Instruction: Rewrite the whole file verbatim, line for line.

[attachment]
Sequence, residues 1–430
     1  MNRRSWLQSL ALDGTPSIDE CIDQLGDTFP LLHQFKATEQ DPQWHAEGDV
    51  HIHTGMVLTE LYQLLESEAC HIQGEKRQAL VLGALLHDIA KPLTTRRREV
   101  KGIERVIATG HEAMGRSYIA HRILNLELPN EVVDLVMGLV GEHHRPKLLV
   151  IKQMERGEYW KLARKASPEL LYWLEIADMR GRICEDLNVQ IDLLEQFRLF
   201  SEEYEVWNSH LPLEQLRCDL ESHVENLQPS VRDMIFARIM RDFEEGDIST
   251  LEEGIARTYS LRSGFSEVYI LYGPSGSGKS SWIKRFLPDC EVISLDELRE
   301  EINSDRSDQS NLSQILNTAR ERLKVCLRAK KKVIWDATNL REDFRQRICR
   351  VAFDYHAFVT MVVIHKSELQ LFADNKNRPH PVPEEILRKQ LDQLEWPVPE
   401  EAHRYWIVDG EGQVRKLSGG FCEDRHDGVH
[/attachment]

Sequence, residues 1–430
     1  MNRRSWLQSL ALDGTPSIDE CIDQLGDTFP LLHQFKATEQ DPQWHAEGDV
    51  HIHTGMVLTE LYQLLESEAC HIQGEKRQAL VLGALLHDIA KPLTTRRREV
   101  KGIERVIATG HEAMGRSYIA HRILNLELPN EVVDLVMGLV GEHHRPKLLV
   151  IKQMERGEYW KLARKASPEL LYWLEIADMR GRICEDLNVQ IDLLEQFRLF
   201  SEEYEVWNSH LPLEQLRCDL ESHVENLQPS VRDMIFARIM RDFEEGDIST
   251  LEEGIARTYS LRSGFSEVYI LYGPSGSGKS SWIKRFLPDC EVISLDELRE
   301  EINSDRSDQS NLSQILNTAR ERLKVCLRAK KKVIWDATNL REDFRQRICR
   351  VAFDYHAFVT MVVIHKSELQ LFADNKNRPH PVPEEILRKQ LDQLEWPVPE
   401  EAHRYWIVDG EGQVRKLSGG FCEDRHDGVH